I was born in Tehran, Iran, and lived there with my family until I was roughly 6 yrs old before the situation dramatically and violently changed (politically) in the country causing us to have to leave due to the imminent danger and risks posed to our lives by the circumstances.
Europe became our home away from home until we finally chose to settle in New York City during the height of the hostage crisis of the 1980's. Looking back, I'm pretty proud of myself for being able to survive in a New York City public school at a time when I received tremendous heat on a daily basis from my young American peers for being Iranian. I think the experience shaped certain aspects of my personality in many ways.
Growing up, I became a rebellious teenager trying to do everything in my power to distance myself from my culture, the Persian diaspora community here in the US, etc. In fact, I spent many years pretending to be from a completely non-Iranian culture (i.e., Italian) when asked where I was from, simply to avoid the American societal stigma toward Iranians. I really just wanted to be a cool American teenager like all of the kids I went to school with and so those years were full of constant conflict between the culture and values of my parents with those of my newly adopted country.
I'm an adult now (and an American citizen) and some 30 years have gone by without having set foot on Iranian soil, literally since the day my family left. I've become older and wiser and have done a better job of reconciling the two cultures, picking and choosing what I like best about each one and incorporating those qualities into my own personal aesthetic. I've traveled the world and I've built a pretty amazing life for myself but the one thing that I find myself really yearning for is to be able to connect with my true heritage by visiting the land where I was born. It's taken me a long time to get to this point given the diametrically opposite point of view I held as a teenager, but I'm intensely proud of being Persian, from Iran, whatever you want to call it.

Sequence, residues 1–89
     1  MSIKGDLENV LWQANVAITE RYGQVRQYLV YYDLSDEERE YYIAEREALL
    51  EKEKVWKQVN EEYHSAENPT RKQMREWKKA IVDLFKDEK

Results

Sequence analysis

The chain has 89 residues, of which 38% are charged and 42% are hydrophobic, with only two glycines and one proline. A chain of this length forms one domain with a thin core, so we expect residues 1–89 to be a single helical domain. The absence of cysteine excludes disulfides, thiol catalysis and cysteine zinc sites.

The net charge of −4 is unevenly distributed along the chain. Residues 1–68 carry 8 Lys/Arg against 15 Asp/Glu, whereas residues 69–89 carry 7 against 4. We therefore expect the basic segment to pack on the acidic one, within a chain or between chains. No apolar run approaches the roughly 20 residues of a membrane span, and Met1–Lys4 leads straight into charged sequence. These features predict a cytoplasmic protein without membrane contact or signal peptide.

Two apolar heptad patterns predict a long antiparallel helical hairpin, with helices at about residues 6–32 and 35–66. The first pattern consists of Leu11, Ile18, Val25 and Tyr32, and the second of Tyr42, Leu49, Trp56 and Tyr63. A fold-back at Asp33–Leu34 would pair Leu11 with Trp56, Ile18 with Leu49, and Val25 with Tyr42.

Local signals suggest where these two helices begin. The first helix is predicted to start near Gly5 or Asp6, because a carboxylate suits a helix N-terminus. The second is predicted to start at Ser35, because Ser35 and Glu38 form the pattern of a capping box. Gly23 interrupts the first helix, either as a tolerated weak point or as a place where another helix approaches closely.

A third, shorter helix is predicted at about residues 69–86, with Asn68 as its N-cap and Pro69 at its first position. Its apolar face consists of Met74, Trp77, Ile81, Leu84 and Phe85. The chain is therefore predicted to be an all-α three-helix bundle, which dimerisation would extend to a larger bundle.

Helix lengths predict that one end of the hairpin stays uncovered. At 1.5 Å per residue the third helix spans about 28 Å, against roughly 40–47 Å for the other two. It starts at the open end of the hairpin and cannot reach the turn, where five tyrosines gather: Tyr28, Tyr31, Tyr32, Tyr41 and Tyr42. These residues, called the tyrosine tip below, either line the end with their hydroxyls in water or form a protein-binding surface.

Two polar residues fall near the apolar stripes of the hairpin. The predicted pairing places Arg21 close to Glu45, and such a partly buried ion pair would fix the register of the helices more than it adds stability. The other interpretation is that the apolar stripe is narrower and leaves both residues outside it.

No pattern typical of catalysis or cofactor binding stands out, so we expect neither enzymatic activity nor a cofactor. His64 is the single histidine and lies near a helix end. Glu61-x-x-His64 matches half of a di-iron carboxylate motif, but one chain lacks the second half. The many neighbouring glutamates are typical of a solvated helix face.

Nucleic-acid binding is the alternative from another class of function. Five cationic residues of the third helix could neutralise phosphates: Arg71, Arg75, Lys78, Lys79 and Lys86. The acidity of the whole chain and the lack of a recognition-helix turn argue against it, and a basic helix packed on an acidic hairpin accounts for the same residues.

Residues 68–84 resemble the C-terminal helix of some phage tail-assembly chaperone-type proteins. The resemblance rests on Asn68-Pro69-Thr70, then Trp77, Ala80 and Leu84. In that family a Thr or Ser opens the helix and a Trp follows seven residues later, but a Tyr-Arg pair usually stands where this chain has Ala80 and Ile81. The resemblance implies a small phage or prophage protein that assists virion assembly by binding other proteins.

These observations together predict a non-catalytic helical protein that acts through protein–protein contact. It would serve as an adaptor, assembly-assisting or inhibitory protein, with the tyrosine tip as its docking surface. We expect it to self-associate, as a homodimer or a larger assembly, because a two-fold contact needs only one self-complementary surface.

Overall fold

The Persian culture is so diverse in its history, its richness and its beauty. Persian people are some of the warmest, most loving and hospitable people you will ever encounter. At the same time, they are strong, resilient, artistic, creative, intelligent, hard-working, tenacious-they are survivors. To be Persian is to have nothing at all to do with the headlines and stories you see on the evening news or in the media-what you see there is something entirely un-Persian.
I don't know when I'll be able to visit Iran again such that I can be free and completely unencumbered by the politics, dogma, and radical fanaticism which are imposed daily upon the population by the cruel and evil government. My greatest wish (on my personal bucket list) is to visit the site of the ruins of Persepolis before I die, to capture it on film with my camera, to put my own artistic stamp on this place which symbolizes the greatness and strength of the Persian Empire, not to mention the artistic and architectural genius of the Persian culture.
Up until now, the closest I've been able to get to Persepolis is Paris. The Musee du Louvre houses an incredible amount of art, artifacts and architecture from the Persian Empire spanning several periods. Having had a chance to see the Persian art and architecture at the Louvre has only whetted my appetite for the opportunity to see the real thing. I've already waited 30 years; I hope I don't have to wait another 30 years but I'm willing to wait as long as necessary. My experience has taught me that things come full circle in life and so I'm clinging to my belief that one day I will have my chance to carry out my wish.
Whether now or in the future, whether through words or through images, I strive to make it abundantly clear that I'm Persian and I'm proud.